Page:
5 Great Girl-power PR campaigns you may have forgotten

girl power pr 10.22.18

The past two decades have seen a world of change in the public relations industry, not least due to the pivotal role social media has come to play in the way firm’s connect with their customer base. One thing that remains the same, however, is a dedication to empowering women and girls the world over using the PR toolkit.

Here are five world-changing campaigns you might have forgotten about:

The Heart Truth

Client: National Heart, Lung, and Blood Institute

Duration: 2002-present

At the time The Heart Truth launched, heart disease was a leading cause of death among American women- and it was a hidden killer.

As such, the symbol of a red dress came to represent the risk of heart disease and stroke as more than a men’s issue. The campaign gained ground after then-current first lady Laura Bush joined as an ambassador in 2003, soon thereafter, the John F. Kennedy Center for the Performing Arts included an exhibit of red dresses worn by former first ladies.

By 2012, $800,000 in grants had been awarded to support community education in partnership with the Foundation for the National Institutes of Health.

Go Red For Women

Client: American Heart Association

Duration: 2004-present

Co-opting the red dress icon of The Heart Truth, Go Red For Women launched in 2004 to target women for education on stroke and heart disease.

Following the organisation’s partnership with Macy’s, the fund has taken in more than $60 million in donations from customers and partners of the retail chain. As a result, some 293 lives have been saved every day since 2004.

Dove Campaign for Real Beauty

Client: Unilever/Dove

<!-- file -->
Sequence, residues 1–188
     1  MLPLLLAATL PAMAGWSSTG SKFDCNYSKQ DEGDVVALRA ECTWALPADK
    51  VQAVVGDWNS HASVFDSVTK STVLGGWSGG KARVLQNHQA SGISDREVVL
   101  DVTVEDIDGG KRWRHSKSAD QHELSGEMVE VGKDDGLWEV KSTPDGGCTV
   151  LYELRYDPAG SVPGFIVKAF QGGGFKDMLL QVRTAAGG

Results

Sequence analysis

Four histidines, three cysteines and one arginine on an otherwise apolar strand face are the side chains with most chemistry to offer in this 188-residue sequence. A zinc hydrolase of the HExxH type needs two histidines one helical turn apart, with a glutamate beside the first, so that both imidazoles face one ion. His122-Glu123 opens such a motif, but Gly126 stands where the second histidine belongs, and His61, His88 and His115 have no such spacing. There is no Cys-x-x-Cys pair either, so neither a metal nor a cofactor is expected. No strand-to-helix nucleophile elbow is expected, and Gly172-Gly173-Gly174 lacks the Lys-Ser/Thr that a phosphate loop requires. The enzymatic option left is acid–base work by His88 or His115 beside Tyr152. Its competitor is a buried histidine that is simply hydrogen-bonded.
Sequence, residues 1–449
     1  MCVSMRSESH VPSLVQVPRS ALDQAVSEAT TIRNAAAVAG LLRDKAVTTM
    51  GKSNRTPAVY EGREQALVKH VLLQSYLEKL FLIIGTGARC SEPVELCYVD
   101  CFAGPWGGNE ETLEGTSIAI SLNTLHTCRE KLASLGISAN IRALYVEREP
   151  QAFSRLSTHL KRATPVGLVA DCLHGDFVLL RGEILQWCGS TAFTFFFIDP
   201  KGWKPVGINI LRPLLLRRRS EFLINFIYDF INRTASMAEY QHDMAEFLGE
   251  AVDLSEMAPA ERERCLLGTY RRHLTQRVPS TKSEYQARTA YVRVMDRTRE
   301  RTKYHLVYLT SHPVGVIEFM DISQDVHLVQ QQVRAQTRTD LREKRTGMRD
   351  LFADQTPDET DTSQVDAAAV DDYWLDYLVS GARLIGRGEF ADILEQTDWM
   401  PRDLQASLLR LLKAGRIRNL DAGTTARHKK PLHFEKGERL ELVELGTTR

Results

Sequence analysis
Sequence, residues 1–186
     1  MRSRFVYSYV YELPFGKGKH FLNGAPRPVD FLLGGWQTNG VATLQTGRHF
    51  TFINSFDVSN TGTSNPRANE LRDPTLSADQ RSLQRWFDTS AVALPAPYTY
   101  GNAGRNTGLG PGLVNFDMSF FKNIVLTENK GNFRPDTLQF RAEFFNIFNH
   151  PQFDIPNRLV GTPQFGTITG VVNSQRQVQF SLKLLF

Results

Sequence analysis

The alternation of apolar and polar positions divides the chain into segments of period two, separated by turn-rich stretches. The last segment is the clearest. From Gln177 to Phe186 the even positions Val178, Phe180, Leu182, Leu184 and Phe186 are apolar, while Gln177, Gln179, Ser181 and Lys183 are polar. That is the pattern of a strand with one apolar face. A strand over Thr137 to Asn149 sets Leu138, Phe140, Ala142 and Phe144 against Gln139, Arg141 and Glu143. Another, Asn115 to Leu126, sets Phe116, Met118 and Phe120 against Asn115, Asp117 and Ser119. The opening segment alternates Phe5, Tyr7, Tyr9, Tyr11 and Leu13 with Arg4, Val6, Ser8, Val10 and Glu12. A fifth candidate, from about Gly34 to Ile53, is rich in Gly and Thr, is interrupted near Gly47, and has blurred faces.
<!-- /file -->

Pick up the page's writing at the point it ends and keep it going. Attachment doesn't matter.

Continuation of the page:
Duration: 2004-present

In the year Dove’s campaign launched, social research revealed that only 2% of women considered themselves beautiful. The brand sought to battle unrealistic depictions of beauty typically relied on in the industry, and consequently launched a campaign to highlight images of “real” women in their marketing.

Annual sales for the brand in the first 10 years of the campaign almost doubled, from $2.5 billion to over $4 billion. The campaign was named PRWeek’s 2006 Consumer Launch Campaign of the Year.

Barbie Gets Smart

Client: Mattel

Duration: February 2010-end 2010

She’s a woman who needs no introduction: Barbie has been a staple toy in every little girl’s collection since the 1950s. In a sign of the times, Mattel had the public vote to choose her 126th career, and they were not left disappointed.

More than one million people voted for Computer Engineer Barbie, facilitated by a campaign that blended nostalgic love for Barbie with contemporary attitudes toward the empowerment of girls. Not to be outdone, the Society of Women Engineers and National Academy of Engineering helped create her look.

The result was national media coverage, and the winning of the PRWeek 2011 Campaign of the Year and Product Brand Development Campaign of the Year awards. The campaign also made a huge impact on Mattel’s bottom line, boosting sales by 144% the company’s “I Can Be” doll line.


Client: Procter & Gamble/Always

Duration: 2012-present

P&G’s feminine hygiene brand Always transformed the oft-cited insult “…like a girl” into a war cry for girls the world over, launching a confidence movement that has yet to peter out. The campaign showed people of all ages interpreting the phrase “like a girl”, and managed over 76 million viewed on YouTube. The campaign also teamed up with social media influencers to tackle issues of self-confidence in young girls during puberty.

The United Nations bestowed an award on the campaign for its contributions to girls’ empowerment, and, in 2017, a new phase of the campaign was launched to tackled girls’ fear of failure. In 2015, #LikeAGirl was named PRWeek’s Campaign of the Year.

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